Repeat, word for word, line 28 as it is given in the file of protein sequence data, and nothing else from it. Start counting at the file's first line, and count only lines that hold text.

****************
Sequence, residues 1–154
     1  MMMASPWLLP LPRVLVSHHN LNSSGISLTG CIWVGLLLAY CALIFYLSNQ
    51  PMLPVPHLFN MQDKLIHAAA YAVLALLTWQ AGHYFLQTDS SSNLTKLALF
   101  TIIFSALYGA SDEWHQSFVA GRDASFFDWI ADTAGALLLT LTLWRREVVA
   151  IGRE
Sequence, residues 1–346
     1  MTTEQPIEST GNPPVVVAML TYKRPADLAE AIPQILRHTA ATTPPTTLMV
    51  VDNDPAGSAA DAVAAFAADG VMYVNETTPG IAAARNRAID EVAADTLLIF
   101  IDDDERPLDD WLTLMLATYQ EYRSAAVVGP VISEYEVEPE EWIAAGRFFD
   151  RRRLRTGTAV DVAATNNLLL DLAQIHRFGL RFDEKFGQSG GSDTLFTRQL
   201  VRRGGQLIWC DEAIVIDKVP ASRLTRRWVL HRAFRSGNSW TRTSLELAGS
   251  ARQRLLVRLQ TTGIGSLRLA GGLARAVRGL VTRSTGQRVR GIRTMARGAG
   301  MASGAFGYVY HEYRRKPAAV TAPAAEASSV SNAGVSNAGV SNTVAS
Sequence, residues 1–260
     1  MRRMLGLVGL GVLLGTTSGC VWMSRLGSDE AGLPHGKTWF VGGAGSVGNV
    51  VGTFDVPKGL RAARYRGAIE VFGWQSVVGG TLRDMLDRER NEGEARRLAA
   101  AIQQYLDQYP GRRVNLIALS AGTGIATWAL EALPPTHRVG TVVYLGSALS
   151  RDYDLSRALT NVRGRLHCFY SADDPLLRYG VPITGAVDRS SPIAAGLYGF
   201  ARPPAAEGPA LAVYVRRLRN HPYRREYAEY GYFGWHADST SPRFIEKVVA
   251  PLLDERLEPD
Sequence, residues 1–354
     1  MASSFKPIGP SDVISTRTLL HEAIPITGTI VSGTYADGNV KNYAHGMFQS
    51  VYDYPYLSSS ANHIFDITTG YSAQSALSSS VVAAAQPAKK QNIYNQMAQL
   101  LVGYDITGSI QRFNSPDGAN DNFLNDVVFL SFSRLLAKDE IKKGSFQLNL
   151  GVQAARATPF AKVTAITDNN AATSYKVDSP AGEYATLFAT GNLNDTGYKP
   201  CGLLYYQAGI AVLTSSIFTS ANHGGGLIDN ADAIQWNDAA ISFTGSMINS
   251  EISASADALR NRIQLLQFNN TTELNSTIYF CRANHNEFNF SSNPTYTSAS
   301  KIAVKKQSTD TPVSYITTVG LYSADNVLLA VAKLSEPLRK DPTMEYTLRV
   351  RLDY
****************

   301  KIAVKKQSTD TPVSYITTVG LYSADNVLLA VAKLSEPLRK DPTMEYTLRV